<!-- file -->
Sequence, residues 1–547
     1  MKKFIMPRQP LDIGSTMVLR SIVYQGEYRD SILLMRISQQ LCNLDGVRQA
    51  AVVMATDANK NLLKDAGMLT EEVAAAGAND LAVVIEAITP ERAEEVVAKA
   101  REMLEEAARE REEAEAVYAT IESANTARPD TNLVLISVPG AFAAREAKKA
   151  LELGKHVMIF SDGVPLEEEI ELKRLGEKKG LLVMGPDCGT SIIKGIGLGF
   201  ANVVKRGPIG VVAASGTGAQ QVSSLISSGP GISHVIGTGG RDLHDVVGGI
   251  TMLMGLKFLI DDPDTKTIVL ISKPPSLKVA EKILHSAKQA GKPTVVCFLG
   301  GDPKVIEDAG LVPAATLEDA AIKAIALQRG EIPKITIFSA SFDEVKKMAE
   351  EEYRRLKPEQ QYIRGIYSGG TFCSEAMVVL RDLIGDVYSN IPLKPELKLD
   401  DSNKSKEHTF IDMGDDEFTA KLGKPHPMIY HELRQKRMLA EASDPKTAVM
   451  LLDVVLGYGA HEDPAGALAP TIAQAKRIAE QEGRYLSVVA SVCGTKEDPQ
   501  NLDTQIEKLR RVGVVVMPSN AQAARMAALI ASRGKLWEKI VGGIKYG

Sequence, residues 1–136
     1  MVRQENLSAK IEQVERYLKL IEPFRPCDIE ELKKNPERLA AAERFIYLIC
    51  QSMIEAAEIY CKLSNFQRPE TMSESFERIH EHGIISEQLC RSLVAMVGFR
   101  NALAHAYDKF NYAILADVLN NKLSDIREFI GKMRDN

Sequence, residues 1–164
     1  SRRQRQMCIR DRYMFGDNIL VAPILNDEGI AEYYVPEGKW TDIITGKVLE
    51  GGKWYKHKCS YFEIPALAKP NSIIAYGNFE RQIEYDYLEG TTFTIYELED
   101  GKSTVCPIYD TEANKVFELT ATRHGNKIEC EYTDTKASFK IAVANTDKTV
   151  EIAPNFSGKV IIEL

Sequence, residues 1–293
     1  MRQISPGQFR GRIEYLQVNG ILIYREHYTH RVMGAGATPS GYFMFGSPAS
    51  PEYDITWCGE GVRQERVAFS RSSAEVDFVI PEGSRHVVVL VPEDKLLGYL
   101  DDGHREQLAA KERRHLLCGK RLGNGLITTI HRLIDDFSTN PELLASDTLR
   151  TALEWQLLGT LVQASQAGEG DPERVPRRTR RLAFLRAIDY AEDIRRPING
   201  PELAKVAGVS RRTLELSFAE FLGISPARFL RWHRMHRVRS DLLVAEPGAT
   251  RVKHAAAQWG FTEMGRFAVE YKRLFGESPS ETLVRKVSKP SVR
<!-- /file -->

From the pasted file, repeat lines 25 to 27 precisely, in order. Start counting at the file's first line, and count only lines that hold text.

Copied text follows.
   101  DDGHREQLAA KERRHLLCGK RLGNGLITTI HRLIDDFSTN PELLASDTLR
   151  TALEWQLLGT LVQASQAGEG DPERVPRRTR RLAFLRAIDY AEDIRRPING
   201  PELAKVAGVS RRTLELSFAE FLGISPARFL RWHRMHRVRS DLLVAEPGAT